Blonde Hair Gene Identified


A genetic mutation that codes for the blond hair of Northern Europeans has been identified.

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The single mutation was found in a long gene sequence called KIT ligand (KITLG) and is present in about one-third of Northern Europeans. People with these genes could have platinum blond, dirty blond or even dark brown hair.

"There's a half dozen different chromosome regions that influence hair color," said study co-author David Kingsley, an evolutionary biologist at the Howard Hughes Medical Institute and Stanford University in California. "This is one, but not the only one. The combination of variants that you have at all those different genes — that sets your final hair color." (Top 10 Things That Make Humans Special)

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Kingsley's team first encountered the gene about seven years ago, when they noticed that stickleback fish color ranged from dark to light depending on the type of water they inhabited. It turned out that a change in one base pair, or letter, in the KITLG gene was responsible.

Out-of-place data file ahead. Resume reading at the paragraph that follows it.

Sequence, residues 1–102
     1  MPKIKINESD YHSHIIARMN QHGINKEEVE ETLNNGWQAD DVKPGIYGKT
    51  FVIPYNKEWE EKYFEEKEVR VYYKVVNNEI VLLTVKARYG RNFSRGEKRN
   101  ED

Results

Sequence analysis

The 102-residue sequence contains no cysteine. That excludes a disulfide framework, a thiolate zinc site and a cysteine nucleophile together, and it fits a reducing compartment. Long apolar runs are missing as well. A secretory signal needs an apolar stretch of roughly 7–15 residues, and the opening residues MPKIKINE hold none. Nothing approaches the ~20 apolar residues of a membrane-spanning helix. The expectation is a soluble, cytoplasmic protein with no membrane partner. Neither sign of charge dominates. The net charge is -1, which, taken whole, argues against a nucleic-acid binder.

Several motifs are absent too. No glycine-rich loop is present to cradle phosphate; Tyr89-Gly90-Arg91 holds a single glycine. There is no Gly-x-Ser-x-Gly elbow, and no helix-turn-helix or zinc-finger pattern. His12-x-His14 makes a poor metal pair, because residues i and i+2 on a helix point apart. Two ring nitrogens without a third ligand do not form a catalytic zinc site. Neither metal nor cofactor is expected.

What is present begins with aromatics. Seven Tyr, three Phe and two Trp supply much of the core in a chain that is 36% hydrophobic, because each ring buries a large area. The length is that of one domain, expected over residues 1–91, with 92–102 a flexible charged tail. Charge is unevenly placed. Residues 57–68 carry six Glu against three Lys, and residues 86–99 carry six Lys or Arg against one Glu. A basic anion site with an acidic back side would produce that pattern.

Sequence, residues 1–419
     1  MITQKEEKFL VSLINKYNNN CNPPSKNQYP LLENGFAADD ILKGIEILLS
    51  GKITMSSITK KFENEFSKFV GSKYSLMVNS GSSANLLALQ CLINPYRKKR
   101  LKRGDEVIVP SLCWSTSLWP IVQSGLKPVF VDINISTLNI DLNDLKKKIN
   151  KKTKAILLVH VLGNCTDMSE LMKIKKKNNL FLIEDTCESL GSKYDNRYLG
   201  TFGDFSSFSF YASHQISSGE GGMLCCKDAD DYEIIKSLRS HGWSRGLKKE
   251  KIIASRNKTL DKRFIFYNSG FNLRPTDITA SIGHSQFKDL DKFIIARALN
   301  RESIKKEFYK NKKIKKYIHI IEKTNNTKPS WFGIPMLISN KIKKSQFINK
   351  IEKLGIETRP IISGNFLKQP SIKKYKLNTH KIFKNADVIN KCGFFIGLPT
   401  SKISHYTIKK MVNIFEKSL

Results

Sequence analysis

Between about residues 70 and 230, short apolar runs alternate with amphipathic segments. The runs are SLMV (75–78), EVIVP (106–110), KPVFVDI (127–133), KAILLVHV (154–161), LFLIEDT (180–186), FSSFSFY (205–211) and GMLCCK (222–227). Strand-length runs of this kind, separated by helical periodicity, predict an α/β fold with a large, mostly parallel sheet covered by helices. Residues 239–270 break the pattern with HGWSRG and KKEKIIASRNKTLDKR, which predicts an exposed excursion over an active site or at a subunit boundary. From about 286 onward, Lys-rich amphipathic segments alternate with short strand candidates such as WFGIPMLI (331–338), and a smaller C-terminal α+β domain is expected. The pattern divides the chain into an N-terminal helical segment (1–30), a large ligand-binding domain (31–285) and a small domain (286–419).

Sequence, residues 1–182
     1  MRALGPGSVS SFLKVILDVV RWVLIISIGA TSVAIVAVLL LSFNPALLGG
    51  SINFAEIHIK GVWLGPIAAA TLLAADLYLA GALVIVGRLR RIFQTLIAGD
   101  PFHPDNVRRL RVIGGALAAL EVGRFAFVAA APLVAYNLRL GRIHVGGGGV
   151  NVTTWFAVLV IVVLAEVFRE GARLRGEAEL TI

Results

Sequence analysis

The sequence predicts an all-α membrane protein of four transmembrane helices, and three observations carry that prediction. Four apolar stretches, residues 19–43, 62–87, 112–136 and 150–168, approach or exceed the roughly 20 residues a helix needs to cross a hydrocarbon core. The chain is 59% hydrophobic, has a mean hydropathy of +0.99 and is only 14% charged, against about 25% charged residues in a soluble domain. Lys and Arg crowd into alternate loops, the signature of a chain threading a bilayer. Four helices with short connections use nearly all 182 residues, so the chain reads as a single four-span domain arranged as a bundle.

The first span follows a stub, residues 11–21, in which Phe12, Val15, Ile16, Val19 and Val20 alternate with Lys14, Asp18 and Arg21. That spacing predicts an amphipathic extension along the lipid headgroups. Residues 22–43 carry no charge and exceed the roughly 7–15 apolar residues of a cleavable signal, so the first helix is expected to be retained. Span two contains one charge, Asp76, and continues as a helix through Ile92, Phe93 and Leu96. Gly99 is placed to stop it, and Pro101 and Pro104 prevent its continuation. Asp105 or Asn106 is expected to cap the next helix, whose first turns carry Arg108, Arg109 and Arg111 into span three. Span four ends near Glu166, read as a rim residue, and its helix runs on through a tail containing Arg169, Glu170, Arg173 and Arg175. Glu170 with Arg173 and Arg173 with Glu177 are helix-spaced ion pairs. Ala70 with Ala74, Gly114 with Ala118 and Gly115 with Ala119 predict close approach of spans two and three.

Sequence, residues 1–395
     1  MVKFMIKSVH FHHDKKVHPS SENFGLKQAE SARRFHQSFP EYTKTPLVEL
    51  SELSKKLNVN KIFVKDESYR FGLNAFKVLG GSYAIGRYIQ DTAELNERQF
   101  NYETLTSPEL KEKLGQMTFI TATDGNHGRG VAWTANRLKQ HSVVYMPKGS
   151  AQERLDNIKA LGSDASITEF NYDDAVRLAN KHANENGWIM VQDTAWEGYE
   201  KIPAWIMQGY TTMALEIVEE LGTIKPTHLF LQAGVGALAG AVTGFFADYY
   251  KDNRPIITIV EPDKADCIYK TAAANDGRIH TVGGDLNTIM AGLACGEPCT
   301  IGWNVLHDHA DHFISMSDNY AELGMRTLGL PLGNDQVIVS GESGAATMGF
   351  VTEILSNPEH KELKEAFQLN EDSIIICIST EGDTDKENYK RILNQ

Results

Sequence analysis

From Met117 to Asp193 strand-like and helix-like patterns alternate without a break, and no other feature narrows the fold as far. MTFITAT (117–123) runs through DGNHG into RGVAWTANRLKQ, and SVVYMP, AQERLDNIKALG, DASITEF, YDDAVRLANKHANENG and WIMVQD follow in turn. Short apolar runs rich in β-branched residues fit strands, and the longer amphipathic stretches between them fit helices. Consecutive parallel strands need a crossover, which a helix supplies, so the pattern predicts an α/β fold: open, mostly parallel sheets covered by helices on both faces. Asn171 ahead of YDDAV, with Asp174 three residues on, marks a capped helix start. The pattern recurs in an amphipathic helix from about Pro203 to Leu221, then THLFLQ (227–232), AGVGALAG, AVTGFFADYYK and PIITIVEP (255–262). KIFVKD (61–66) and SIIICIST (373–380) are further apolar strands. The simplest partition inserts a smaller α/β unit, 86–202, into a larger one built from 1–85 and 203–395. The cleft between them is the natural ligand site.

The gene codes for a protein known as KIT ligand, which binds to receptors throughout the body and affects pigmentation, blood cells, nerve cells in the gut, and sex cells.

A broken KITLG gene would be disastrous for an individual, Kingsley told Live Science.

"You'd have white hair and be sterile, because your gonads hadn't developed properly — and actually, you'd be dead, because blood cells didn't do what they're supposed to do in the bone marrow," he said.

Yet the mutation also seemed to be linked to normal variations in hair color. In population studies, blonds in Iceland were much more likely than brunettes to have the genetic variant.

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Kingsley and his colleagues wanted to know how a mutation in an essential protein could alter hair color without resulting in other harmful effects.

To find out, they experimented on mice. The team identified the gene regions associated with blond hair in human DNA, and then removed those segments of code and tagged them with a gene that coded for a fluorescent-blue hue.

When they inserted the tagged gene into mice, the blue glow appeared only in the hair follicles. That indicated that the gene mutation was activated only in hair.

When inserted into mice, the human blond hair mutation also gave mice lighter coat colors than the brunette version of the gene.

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